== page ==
§ MR. RITCHIE
said, he did not want to detain the Committee unnecessarily; but, of course, these were matters, and there were many other matters in connection with a great Bill like this, in regard to which there might be large and perfectly legitimate differences of opinion. The Government had made proposals which they thought were the best under the circumstances. When matters of this kind came to be discussed in a business-like way, and when a desire was shown on the part of all persons in the House to make the Bill as workable and as good a Bill as possible, he should be sorry, on the part of the Government, to attempt to set up a reputation for infallibility as to the proposals they made. The Government were perfectly willing to consider all suggestions, especially when they were made by so experienced a Member of the House as the right hon. Gentleman (Mr. Stansfeld). Although they had provided that certain transfers might be made by means which the right hon. Gentleman had alluded to—namely, the laying of the schemes on the Table of the House for a certain number of days, he was perfectly willing to fall in with the suggestion the right hon. Gentleman had made, and provide that the transference of powers should be made by a Provisional Order. He did not see the slightest objection to the proposal of the right hon. Gentleman, and he was anxious to say so frankly, and at once.
§ MR. WOODALL (Hanley)
said, he hoped the right hon. Gentleman the President of the Local Government Board would not consider he was wasting the time of the Committee if he made clear the altered position of affairs. He (Mr. Woodall) was not quite clear what was to be the position under the altered circumstances of the boroughs in the Schedule and of the boroughs which were not included in the Schedule. Would such powers as were proposed to be given by Order in Council to the new County Authorities be also conceded to boroughs with a population of 50,000?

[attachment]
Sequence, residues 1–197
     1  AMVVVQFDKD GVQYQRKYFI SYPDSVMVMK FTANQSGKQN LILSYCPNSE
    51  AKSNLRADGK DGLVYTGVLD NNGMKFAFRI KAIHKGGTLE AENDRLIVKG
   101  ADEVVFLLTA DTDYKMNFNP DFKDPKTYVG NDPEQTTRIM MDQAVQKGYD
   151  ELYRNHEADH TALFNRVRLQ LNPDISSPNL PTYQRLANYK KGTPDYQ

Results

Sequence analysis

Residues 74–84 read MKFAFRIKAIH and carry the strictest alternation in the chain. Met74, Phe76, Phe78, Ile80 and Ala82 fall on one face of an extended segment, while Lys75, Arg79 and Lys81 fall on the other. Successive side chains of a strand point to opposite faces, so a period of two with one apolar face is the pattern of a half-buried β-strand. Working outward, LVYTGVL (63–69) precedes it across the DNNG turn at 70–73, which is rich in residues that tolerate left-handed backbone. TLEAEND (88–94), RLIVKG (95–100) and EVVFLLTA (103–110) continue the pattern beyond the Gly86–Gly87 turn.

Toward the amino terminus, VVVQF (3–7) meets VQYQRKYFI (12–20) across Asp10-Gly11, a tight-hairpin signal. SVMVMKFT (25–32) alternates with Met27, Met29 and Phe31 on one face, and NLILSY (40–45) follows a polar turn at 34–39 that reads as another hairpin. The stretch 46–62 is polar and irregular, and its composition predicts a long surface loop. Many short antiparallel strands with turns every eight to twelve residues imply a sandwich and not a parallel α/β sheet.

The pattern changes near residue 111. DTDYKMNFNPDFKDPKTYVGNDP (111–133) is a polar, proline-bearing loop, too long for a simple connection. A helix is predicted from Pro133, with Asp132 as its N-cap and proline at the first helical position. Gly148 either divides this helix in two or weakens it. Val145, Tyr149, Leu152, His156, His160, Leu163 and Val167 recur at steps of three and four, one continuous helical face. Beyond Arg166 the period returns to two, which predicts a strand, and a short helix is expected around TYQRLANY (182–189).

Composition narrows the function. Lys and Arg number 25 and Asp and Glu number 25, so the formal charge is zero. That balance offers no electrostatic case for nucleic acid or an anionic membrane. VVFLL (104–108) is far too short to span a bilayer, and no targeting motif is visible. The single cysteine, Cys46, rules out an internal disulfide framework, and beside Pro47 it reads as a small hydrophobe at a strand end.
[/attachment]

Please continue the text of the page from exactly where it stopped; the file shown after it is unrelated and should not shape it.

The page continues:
§ MR. RITCHIE
said, he had endeavoured to express broadly what they conceived to be the position of things with reference to the counties, and also with reference to the boroughs which were to be treated as counties. It was quite clear that schemes promoted by Governing Bodies of boroughs and counties should not be brought into effect by means of Provisional Orders issued by the Governing Bodies themselves. It was quite clear that if a borough in the Schedule desired to promote a scheme within its own area, it would not be right or proper it should have the power to issue the Provisional Order, the borough being, as it would be, an interested party.
§ MR. WOODALL
said, he thought it was perfectly clear that if a County Authority or a borough of 50,000 inhabitants promoted any particular measure, it must come, as at present, to Whitehall. He hoped it would not be irregular in him to refer to the Amendment of which he had given Notice, and in which he asked that whatever might be the powers of the new County Authorities, the municipal boroughs might be left, as at present, the right of appeal to the Central Authority. The right hon. Gentleman the President of the Local Government Board had very truly said that there was a time when the relations between boroughs and the Central Authority involved a certain amount of friction. Happily, the experience of years which had brought the best minds of the Provinces into harmonious relations with the very competent central office had insured a continuous and wise policy, which had been found to work very satisfactorily, and that, at any rate, they hoped would not 639 be disturbed by any changes the right hon. Gentleman brought about, especially in regard to Provisional Orders. Suppose a borough of a less population than 50,000 was left to appeal to the new County Authorities. What possible assurance could it have, after a decision had been arrived at, that the Bill would obtain Parliamentary assent? There was no assurance at all that the policy of the County Authority in Staffordshire would be at all akin to that which would find favour in Dorset-shire, and, therefore, they could hardly expect a Government Authority to make itself responsible for the assent to these Provisional Orders. He and his hon. Friends felt strongly there was a probability of great inconvenience and great conflict arising, and, therefore, they hoped the existing system would be continued. Whatever concessions the right hon. Gentleman was prepared to make to the County Authorities in deference to the views so forcibly expressed by the hon. Baronet the Member for Blackpool (Sir Matthew White Ridley) and others who had spoken, he trusted that those for whom he pleaded would be exempted from the operation of the concession.
§ MR. HENEAGE (Great Grimsby)